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U.S. Geological Survey Open-File Report 2009-1150

Surficial Geology of the Floor of Lake Mead (Arizona and Nevada) as Defined by Sidescan-Sonar Imagery, Lake-Floor Topography, and Post-Impoundment Sediment Thickness


Introduction

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Click on figure for larger image.

Figure 1, location map, and link to larger image.

Figure 1. Location map showing the names of features referred to in the text, the bounds of the lake at full capacity, and the sidescan-sonar coverage. White boxes indicate other figure locations. Areas of low acoustic backscatter show as dark tones and areas of high acoustic backscatter show as light tones on the grayscale sidescan-sonar imagery.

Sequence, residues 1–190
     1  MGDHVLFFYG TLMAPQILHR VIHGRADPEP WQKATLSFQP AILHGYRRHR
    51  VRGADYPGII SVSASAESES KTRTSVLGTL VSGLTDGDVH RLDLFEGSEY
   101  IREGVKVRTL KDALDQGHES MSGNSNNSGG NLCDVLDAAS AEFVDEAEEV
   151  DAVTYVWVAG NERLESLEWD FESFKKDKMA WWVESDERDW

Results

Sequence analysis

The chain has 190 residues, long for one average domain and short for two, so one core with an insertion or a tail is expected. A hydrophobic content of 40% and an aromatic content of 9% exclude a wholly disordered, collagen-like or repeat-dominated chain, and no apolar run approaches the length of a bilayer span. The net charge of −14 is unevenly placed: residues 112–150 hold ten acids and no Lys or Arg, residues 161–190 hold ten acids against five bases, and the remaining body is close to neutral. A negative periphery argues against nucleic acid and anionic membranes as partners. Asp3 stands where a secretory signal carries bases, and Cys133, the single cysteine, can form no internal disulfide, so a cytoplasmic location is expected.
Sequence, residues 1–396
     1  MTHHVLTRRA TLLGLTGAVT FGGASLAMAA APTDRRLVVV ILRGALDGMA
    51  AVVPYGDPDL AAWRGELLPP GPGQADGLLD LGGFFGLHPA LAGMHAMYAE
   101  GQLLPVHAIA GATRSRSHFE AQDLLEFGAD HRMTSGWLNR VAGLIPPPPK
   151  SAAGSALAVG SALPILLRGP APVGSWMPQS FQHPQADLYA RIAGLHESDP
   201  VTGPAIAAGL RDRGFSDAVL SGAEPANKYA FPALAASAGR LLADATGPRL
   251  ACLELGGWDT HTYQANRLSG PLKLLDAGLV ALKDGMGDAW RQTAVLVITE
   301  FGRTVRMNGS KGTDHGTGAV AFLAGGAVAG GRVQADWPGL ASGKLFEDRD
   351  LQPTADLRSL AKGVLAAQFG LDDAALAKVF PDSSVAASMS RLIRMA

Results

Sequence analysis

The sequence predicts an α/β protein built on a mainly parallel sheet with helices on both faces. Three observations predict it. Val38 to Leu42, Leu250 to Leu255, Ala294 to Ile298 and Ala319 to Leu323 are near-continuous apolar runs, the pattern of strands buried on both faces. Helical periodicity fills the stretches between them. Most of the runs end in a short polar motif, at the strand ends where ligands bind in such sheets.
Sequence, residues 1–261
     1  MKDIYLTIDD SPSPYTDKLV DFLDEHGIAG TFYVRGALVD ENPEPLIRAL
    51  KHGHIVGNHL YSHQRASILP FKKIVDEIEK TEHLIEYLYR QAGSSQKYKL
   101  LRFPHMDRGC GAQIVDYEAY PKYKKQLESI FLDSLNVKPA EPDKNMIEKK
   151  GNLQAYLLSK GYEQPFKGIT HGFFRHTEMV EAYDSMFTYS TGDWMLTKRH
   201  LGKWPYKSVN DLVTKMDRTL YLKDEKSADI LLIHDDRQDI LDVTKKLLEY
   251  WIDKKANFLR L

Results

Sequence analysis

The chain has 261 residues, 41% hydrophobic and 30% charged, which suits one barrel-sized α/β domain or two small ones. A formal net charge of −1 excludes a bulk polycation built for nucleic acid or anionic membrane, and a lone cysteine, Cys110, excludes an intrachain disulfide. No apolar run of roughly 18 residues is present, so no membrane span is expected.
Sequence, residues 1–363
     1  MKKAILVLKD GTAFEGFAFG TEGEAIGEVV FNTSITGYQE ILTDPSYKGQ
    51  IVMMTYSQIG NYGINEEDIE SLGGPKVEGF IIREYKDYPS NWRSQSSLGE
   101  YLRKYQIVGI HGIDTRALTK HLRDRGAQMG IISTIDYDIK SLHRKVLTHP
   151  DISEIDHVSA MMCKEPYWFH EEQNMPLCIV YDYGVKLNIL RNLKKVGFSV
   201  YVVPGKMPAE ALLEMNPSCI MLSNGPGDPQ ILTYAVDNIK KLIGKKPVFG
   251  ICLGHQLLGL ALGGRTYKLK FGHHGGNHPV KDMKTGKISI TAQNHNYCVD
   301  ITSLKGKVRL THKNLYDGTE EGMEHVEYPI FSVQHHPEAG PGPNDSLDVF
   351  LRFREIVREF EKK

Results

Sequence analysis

Lake Mead is a large reservoir located on the Colorado River in the Southwestern United States that started to fill in 1935 after completion of the Hoover Dam (fig. 1).  Water from the lake is used for municipal, agricultural, and industrial purposes in the States of Arizona, California, and Nevada.  Important information for management of the reservoir and its water resource includes understanding the geology of the reservoir floor and the amount of sediment that has accumulated there.  To address these questions, the U.S. Geological Survey (USGS) used sidescan-sonar and high-resolution seismic-reflection techniques to map much of the lake during field programs in 1999, 2000, and 2001.  Detailed bathymetry for large parts of the lake was provided by the Bureau of Reclamation.  The geophysical and bathymetric datasets are reported in Twichell and others (2003), and the distribution and thickness of the post-impoundment sediment and the processes of deposition are reported in Twichell and others (1999, 2001, and 2005) and Zybala (2004).  Missing from these earlier studies is an interpretation of the surficial geology of the entire part of the lake that was surveyed. While the distribution of post-impoundment sediment has been mapped, the geology of the remainder of the lake floor had not been completed in any of these earlier reports in a GIS-compatible format.  The sidescan-sonar imagery collected during these three field programs covers approximately 70 percent of the lake floor as of 2001, when lake level stood at approximately 363 m above sea level.  Here we expand the interpretation of the lake-floor geology beyond just showing the extent of the post-impoundment sediment, providing a complete interpretation of the surficial geology of the parts of the lake floor imaged by sidescan sonar (fig. 1). The interpretation presented in this report uses the sidescan-sonar imagery as a basemap but draws on the seismic-reflection data, lake-floor bathymetry, and geologic maps of Arizona and Nevada to complete the interpretation.



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